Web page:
May 30, 2023
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Advocacy journalist speaks about climate change

Bill McKibben, influential environmental author, journalist and creator of, a website devoted to climate change activism, said activism is the most important tool in the fight against climate change during a presentation at Ithaca College on April 11.

The presentation, titled “Hot Times: Reports from the Front Lines of the Climate Fight,” was a part of the college’s second annual sustainability week. Approximately 500 people were in attendance at the event.

In 2006, McKibben organized the largest demonstration against climate change that had ever taken place in the United States. Three years later, 5,200 demonstrations against climate change occurred in 181 countries on October 24, 2009, as a result of his efforts.

The fossil fuel industry is able to continue contributing to global warming without major repercussions largely because of its financial power, McKibben said. Therefore, activists must rely on means other than money to make changes toward sustainability.

“Since we weren’t going to have money, we had to do it some other way,” McKibben said. “We were going to have to mobilize some other currency. American history and world history indicate that the only other currency worth anything is the currency of movements, gathering enough people with enough passion and enough spirit to stand up to all that money.”

McKibben said he has no doubts that the world will eventually run on renewable energy, but he is worried the planet will be too damaged by the time this occurs.

“If we let the fossil fuel industry drag us down and keep us from moving quickly, then 75 years from now we’ll be running a broken planet on solar panels and windmills,” McKibben said. “Our job is to figure out how to move quickly.”

The planet has experienced significant warming because of increased greenhouse gases in the atmosphere, according to NASA. This includes shrinking ice sheets in Greenland and Antarctica, rising sea levels and increasing amounts of extreme weather events. McKibben said the fossil fuel industry knew about global warming and many of its consequences as early as thirty years ago but neglected to share this information with the public.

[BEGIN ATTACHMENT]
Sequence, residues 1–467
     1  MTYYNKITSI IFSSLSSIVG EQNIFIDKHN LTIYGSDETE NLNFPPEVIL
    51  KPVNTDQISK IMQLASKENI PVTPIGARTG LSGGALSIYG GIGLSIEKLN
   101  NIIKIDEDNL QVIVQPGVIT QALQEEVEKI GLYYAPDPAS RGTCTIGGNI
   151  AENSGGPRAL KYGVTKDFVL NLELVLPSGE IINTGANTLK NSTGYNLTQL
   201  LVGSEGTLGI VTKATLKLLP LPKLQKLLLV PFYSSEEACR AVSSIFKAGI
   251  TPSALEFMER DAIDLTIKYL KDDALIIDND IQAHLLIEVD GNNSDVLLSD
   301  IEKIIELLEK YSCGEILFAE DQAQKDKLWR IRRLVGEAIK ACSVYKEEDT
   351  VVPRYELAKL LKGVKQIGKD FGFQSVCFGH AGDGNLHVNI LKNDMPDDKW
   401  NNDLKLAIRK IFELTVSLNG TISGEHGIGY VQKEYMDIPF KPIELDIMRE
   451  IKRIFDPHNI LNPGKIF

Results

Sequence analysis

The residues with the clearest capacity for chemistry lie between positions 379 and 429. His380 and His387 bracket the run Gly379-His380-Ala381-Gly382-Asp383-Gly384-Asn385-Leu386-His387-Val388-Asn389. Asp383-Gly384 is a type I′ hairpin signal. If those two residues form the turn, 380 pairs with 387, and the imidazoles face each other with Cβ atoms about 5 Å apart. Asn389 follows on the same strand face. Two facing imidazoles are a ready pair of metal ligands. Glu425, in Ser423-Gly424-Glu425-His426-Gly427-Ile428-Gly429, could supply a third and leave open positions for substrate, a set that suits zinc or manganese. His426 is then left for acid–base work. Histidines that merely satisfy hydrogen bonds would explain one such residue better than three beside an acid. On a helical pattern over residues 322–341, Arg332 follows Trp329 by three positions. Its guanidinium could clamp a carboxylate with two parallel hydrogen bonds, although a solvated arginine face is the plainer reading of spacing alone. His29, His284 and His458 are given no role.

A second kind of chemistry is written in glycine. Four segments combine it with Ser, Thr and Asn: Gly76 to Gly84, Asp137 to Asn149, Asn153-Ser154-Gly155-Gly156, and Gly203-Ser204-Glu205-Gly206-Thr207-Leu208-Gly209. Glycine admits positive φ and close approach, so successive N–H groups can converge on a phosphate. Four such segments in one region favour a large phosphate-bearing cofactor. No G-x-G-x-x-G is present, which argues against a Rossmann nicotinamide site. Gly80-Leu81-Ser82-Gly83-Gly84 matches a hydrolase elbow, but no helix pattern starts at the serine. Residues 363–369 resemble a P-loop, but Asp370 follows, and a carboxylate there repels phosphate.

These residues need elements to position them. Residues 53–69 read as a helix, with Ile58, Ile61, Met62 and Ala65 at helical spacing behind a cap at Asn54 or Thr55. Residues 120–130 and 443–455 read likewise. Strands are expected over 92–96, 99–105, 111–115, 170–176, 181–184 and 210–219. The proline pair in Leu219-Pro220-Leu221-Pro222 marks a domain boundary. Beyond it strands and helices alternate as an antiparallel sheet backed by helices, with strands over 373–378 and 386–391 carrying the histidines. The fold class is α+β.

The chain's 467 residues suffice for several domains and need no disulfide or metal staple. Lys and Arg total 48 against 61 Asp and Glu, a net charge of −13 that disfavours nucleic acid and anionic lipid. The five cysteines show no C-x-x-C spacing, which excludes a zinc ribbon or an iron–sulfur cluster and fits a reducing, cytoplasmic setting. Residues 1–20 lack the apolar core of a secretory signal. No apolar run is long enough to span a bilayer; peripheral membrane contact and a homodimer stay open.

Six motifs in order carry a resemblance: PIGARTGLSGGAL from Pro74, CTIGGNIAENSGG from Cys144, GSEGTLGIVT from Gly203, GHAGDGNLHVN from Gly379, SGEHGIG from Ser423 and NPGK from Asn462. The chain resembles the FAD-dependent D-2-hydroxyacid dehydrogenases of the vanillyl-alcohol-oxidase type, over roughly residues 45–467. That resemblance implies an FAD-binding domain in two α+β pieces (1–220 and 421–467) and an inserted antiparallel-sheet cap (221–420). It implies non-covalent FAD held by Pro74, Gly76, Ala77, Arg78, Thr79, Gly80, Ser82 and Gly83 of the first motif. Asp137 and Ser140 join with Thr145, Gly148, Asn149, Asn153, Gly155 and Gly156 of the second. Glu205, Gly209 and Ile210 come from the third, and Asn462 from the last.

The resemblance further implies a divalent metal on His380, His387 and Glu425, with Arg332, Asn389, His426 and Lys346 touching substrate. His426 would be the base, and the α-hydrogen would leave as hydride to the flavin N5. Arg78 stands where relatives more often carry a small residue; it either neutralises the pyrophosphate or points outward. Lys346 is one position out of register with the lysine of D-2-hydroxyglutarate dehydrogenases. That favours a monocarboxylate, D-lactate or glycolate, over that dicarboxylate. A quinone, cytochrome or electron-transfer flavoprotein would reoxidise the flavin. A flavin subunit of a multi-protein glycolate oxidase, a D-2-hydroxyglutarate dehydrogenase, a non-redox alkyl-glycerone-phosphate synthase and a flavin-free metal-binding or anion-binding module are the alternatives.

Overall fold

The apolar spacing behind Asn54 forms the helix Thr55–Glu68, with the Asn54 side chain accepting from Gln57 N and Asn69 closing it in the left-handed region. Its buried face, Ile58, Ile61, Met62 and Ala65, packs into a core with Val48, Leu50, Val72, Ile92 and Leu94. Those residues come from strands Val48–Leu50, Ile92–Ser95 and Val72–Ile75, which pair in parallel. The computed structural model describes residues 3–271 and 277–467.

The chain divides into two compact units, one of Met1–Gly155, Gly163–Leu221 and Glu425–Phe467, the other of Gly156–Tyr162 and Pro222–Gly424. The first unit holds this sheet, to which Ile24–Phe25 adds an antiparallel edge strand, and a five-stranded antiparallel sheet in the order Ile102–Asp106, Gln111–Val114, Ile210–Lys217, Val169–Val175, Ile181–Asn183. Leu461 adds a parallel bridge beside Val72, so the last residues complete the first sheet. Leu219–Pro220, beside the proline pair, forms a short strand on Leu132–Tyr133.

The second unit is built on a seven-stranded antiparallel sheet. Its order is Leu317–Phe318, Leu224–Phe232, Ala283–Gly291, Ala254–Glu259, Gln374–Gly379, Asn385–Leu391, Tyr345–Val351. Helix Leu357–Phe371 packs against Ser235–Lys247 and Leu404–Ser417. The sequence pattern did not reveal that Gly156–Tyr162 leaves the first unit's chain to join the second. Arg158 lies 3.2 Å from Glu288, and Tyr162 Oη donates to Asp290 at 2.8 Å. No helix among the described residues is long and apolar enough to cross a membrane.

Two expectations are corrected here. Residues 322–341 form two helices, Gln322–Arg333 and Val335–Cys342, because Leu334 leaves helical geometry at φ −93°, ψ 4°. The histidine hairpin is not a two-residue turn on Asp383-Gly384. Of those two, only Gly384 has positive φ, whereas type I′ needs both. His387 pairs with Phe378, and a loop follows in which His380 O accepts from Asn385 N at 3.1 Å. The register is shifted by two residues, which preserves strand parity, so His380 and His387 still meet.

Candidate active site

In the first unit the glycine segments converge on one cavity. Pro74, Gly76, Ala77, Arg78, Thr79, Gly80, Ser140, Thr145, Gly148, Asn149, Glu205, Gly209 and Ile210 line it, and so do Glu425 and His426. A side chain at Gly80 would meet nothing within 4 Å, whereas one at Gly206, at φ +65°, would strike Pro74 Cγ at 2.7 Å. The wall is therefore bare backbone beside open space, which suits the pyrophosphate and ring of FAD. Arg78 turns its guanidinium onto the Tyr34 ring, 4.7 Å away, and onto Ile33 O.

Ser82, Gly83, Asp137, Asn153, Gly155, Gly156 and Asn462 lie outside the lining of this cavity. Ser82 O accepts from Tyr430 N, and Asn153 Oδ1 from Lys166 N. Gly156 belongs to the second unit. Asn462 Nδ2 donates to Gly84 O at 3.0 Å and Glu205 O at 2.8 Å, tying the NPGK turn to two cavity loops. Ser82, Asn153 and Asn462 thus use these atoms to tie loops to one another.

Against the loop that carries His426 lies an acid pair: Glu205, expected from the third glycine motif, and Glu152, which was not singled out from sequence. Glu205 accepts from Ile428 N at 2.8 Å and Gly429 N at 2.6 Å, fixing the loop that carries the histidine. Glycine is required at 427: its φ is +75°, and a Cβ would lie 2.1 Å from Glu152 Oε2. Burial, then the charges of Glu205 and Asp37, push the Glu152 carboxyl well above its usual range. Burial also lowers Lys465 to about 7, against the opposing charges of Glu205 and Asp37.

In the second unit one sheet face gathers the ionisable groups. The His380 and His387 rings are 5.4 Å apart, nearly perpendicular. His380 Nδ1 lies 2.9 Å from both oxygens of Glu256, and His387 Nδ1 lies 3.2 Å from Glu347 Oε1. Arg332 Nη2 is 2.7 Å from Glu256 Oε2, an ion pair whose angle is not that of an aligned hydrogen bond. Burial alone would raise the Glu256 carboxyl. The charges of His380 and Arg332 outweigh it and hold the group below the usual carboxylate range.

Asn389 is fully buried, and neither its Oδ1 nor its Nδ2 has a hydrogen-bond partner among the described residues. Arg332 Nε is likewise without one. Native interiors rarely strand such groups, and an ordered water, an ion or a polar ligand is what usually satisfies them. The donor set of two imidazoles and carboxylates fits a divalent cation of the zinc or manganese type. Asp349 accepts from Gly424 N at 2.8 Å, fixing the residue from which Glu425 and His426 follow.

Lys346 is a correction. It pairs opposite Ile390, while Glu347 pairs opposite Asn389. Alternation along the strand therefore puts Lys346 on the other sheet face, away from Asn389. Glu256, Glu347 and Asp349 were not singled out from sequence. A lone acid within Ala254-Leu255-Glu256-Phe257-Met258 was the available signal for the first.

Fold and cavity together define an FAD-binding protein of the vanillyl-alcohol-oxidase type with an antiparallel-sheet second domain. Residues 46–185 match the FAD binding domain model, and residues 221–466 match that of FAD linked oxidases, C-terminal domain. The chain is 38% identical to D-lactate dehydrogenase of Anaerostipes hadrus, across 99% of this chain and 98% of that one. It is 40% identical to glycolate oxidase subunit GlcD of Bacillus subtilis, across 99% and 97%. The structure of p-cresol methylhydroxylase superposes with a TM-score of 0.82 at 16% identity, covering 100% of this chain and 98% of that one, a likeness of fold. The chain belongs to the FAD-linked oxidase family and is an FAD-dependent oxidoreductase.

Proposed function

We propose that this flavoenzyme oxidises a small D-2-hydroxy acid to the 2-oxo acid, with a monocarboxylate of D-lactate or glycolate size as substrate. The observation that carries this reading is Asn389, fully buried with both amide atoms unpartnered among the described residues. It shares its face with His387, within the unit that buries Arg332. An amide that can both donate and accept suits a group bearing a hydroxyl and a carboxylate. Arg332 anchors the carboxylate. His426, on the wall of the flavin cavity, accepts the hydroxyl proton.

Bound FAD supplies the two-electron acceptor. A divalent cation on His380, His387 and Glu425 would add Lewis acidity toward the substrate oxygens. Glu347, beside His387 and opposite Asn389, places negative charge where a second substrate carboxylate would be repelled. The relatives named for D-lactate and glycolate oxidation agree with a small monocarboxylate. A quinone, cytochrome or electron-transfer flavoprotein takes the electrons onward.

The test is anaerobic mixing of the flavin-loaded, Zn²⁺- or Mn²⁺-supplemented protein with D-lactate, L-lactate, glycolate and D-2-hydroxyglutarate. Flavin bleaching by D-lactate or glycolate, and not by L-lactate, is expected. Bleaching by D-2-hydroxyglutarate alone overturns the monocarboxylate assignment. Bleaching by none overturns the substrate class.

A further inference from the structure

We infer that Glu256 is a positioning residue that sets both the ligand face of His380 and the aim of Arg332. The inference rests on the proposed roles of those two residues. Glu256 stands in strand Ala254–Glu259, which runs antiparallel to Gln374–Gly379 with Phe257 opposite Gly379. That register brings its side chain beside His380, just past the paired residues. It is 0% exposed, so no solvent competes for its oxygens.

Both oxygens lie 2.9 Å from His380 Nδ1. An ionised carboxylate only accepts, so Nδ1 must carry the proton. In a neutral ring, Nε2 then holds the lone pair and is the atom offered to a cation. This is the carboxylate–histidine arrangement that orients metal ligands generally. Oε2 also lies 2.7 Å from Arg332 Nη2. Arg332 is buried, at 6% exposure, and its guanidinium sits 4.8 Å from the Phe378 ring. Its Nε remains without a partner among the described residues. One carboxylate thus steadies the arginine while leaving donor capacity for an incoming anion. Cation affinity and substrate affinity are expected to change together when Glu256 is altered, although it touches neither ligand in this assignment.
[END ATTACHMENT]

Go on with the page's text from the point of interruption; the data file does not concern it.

During a Q&A session, Tim Joseph, former chairman of the Tompkins County Legislature, said he has trouble finding meaning in environmental activism because he said he feels there is no longer hope that we can keep the planet from reaching catastrophic collapse.

Regardless of how hopeless the current situation may seem, people must continue to advocate for changes that could help us move toward sustainability and minimize the overall damage to the planet, McKibben said.

The planet has already experienced irreversible consequences of climate change, such as severe annual coral bleaching as a result of rising ocean temperatures. According to National Geographic, 75 percent of the planet’s reef systems have gone through severe bleaching in the past three years.

Human health has also been impacted in significant ways that will not necessarily improve even if emissions are lessened. For example, the rising average temperature of the planet has increased the spread of dengue fever, a mosquito-borne viral infection which was originally present in only nine countries.

McKibben said he contracted dengue fever while in Bangladesh, but said he was able to recover because he was wellfed and healthy when he contracted the disease, unlike many of those who die from it. Dengue fever is now present in more than 100 countries.

Even if all greenhouse gas emissions were to stop today, over the next few decades the surface temperature of the planet would still increase by approximately 0.6 degrees Fahrenheit.

Junior Mike Hanlon asked McKibben about the personal responsibility of each individual in living sustainably. McKibben said the real change lies not in personal lifestyle changes, but rather in large demonstrations and activism which pressure governments and corporations to change their practices.

He also said individuals should feel encouraged to take personal responsibility for combating global warming, but these lifestyle changes are not as effective as uniting with those around you to advocate for change.

“When people say to me, ‘What are the three most important things that people can do to make a difference,’ I know what they want me to say,” McKibben said. “They want me to say something about light bulbs, and always the first thing I say that you should do is organize. The second thing you should do is get together with your neighbors and organize. And the third principle thing you should do is make sure that everyone in your community is organized.”

Greg Lischke, director of energy management and sustainability, said he was glad the event was wellattended and hoped that audience members take McKibben’s guidance and insight into account moving forward.

Freshman Bruce Franz said learning about the origins and development of McKibben’s activism orgnaization was his favorite part of the presentation. The organization was named after the safe concentration of carbon dioxide in the atmosphere, 350 parts per million, and was created to unite environmental activists globally.

“It was very eyeopening to hear about the movement of, and how it came to be an actual organization,” Franz said. “To see how it went from seven people to millions of people around the world is something that is really inspirational.”

Laura O'Brien can be reached at or via Twitter: @L_OBrien3